“His Path of Vengeance is Paved in Blood.”
Mugen no jûnin 2017 (original title) AKA Blade of the Immoral, is an adaption of Hiroaki Samura’s bloodthirsty vampiric manga, and is pretty much a Greek tragedy. The manga originally came out in comic-book form in 1993 and is apparently, as IMDB states, Takashi Miike’S 100th movie. But with a bit of homework and research, Tom Mes, co-owner of the wonderful Midnight Eye website and all-around Japanese film historian, states that the film is in fact, Miike’s 101’th film. His hundredth film being a live blues-harmonica concert which pretty much equates to a live film.
Without spoiling the plot, it’s best to actually watch the film ‘going in blind’ and allowing a healthy dose of samurai endorphins to flow as with 13 Assassins (2010).
It certainly feels that Miike was refining his craft with 13 Assassins and that Blade of the Immortal has all the cues for the ultimate samurai, Ronin Pastiche.
When the blood spills it spills by the gallons…
The film follows Manji played by Takuya Kimura (Love and Honour 2006). Chronicling his struggles as an undead immortal shogun during the mid-Tokugawa Shogunate period. The film is also wonderfully graced with the ever so beautiful Erika Toda (Deathnote 2006), she plays Makie Otono-Tachibana, who literally steals the show in every scene she endures.
For fans of the fantasy vampire genre, I highly recommend this film as it is grounded in solidified realism, and follows none of the usual bog-standard dreamy troupes of the fantasy genre. Miike, as usual, refreshingly directs the story – always offering something new.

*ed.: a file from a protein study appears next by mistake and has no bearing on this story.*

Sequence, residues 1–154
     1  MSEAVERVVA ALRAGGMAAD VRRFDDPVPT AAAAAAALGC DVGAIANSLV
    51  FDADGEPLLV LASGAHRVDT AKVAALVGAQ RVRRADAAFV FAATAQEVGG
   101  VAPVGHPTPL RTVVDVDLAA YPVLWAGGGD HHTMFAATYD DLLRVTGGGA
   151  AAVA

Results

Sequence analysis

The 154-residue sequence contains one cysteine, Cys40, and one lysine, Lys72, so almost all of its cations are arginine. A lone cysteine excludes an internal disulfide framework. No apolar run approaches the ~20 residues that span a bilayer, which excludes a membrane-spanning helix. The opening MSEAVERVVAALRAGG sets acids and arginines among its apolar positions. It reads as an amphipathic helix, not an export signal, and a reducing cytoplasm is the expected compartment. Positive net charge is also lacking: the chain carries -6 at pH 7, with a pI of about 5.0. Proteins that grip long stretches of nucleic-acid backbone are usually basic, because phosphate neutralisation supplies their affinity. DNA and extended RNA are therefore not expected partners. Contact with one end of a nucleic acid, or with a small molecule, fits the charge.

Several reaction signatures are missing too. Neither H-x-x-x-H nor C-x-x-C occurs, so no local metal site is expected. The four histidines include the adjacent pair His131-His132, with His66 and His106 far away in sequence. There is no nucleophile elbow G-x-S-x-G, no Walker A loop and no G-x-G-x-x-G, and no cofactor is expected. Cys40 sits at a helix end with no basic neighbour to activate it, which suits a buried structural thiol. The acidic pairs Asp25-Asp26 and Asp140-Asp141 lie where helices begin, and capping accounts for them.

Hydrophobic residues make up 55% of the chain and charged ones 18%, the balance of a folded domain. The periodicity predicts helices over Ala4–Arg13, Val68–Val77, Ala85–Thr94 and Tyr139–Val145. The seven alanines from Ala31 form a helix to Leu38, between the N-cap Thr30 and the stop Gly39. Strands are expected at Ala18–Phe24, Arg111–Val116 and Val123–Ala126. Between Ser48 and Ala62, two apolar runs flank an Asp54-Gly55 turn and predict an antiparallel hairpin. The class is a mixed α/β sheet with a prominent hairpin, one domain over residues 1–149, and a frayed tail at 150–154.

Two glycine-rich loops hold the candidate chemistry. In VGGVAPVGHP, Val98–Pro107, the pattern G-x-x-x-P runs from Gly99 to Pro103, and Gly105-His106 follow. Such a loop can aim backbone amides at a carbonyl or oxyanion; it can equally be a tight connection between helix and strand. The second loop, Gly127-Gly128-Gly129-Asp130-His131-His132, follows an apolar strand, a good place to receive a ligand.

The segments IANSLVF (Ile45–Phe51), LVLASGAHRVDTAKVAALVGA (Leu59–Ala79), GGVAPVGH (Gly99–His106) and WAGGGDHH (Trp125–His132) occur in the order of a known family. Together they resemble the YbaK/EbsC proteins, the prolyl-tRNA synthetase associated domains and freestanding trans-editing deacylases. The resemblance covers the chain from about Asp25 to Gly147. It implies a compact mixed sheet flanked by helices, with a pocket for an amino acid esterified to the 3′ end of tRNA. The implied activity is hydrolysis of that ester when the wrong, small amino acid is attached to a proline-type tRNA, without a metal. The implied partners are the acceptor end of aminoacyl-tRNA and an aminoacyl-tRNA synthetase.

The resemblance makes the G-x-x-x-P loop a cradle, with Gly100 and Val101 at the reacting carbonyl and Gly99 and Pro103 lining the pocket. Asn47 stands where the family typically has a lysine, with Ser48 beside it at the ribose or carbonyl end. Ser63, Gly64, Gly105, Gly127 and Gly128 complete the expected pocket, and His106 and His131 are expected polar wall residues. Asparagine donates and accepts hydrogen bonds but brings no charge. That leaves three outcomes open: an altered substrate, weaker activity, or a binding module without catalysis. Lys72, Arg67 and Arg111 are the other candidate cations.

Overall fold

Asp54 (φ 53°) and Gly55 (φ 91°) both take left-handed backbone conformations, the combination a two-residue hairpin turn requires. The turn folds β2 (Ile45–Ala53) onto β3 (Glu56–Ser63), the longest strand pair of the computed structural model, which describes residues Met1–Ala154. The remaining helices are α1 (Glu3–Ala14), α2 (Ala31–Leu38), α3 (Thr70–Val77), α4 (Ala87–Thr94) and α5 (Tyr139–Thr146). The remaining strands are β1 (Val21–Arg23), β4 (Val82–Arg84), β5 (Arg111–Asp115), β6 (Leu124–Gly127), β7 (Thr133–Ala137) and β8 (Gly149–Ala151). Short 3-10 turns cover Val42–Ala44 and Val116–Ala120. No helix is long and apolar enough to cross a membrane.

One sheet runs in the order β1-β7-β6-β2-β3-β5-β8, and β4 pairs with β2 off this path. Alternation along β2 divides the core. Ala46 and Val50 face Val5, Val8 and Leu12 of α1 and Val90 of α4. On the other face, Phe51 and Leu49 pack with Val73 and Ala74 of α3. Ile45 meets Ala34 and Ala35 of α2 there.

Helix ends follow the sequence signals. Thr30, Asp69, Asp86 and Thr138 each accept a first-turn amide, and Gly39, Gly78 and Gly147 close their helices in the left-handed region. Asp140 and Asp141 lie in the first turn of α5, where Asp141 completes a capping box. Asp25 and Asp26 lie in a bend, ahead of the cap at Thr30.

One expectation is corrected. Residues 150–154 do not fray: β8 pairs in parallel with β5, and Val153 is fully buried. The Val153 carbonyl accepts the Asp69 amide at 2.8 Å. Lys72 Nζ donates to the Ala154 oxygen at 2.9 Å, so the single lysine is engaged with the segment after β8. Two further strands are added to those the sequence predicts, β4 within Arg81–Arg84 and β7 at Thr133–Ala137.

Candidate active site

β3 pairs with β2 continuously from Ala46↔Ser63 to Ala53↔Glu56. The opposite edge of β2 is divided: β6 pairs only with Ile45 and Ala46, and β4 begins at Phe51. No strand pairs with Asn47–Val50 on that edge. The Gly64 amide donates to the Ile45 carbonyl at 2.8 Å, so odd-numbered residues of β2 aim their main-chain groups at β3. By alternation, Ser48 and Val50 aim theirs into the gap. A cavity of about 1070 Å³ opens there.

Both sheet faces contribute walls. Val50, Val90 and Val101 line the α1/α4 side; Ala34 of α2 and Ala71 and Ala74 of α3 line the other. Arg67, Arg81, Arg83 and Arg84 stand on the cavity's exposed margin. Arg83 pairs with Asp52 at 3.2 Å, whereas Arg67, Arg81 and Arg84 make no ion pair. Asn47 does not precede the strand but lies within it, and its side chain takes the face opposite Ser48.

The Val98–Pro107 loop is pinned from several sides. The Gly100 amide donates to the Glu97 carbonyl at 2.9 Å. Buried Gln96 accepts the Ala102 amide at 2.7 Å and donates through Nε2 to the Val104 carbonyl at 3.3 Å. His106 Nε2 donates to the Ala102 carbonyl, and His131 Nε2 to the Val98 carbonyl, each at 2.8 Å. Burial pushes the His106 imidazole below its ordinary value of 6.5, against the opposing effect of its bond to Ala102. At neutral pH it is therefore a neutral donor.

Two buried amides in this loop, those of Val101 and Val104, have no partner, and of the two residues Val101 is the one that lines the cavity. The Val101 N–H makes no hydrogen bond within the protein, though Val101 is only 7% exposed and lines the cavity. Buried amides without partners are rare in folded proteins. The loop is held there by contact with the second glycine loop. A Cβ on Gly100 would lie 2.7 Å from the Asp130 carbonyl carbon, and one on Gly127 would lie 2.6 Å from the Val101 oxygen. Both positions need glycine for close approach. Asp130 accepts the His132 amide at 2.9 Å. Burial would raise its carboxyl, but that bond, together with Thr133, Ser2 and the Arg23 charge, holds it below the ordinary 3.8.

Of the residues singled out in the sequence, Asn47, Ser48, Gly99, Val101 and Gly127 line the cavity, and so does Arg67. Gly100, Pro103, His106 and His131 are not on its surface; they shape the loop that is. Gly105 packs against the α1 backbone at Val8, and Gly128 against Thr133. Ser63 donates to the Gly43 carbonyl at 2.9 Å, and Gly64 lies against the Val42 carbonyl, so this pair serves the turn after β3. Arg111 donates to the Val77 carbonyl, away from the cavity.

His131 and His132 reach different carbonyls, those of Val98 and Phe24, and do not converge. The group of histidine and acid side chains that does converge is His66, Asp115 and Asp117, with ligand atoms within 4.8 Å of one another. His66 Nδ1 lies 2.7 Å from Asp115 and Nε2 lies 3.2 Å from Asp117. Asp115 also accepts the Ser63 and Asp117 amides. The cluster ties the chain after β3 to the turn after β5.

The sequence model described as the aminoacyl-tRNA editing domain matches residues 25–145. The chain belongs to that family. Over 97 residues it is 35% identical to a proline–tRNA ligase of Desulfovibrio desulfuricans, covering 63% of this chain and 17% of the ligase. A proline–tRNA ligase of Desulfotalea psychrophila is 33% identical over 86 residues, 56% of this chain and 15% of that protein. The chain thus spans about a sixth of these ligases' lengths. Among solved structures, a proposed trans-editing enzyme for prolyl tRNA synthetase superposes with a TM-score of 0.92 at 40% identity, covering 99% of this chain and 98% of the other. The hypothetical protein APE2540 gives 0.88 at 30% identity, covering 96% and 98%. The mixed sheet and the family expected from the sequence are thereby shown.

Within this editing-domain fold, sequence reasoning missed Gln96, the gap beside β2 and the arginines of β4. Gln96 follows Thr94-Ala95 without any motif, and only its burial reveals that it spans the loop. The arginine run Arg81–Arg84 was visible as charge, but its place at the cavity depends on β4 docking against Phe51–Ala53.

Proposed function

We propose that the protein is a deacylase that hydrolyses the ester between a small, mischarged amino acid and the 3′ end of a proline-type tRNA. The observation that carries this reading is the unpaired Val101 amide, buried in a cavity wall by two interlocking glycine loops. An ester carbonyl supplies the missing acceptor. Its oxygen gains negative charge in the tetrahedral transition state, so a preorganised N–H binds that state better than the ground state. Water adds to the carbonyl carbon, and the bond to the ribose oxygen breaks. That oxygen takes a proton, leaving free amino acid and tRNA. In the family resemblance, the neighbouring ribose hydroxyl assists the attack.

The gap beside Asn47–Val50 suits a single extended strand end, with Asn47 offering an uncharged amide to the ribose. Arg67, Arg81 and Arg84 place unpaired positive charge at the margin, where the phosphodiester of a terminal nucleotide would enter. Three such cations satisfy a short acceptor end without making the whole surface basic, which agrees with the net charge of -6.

The film is splatterramic splatter, being the use of bloodworms, which also elevates the story. The choreography is pretty breathtaking and seems to echo moments of the very best of Hong Kong’s swordplay epics.
Hardcore Miike fans will notice how incredibly fine-tuned his storytelling has become, but one cannot help but feel his palette and brush strokes of stark swordplay have somehow reached new heights and peaks with Blade of Immortal. Fans of Miike will also notice his use of the black and white prologue at the beginning of the film that resonates a tribute to some of his earlier works.
Also, fans of the late great Akira Kurosawa will find breathtaking cinematography that resonates in a lot of Kurosawa samurai epics.
In time, Blade of the Immortal will stand out as a major swashbuckling splattertastic grind epic.
Interesting trivia quote to float genre fans:
- Manji is named after the symbol on his kimono in the original manga: the manji symbol being the Japanese Swastika symbolizing the cycle of life before it was bastardized by the Nazi regime. In the film, the symbol is changed so as not to offend. In the original manga, Manji has the symbol emblazoned on the earth of his kimono.
- Rin Asano: But do right and wrong matter when it’s for people you love?
- Manji: That’s “Big Brother,” stupid!
If you haven’t yet watched Blade of the Immortal, be sure to do so and add to your Takashi Miike collection preferably the UK arrow release with the wonderful Tom Mes commentary.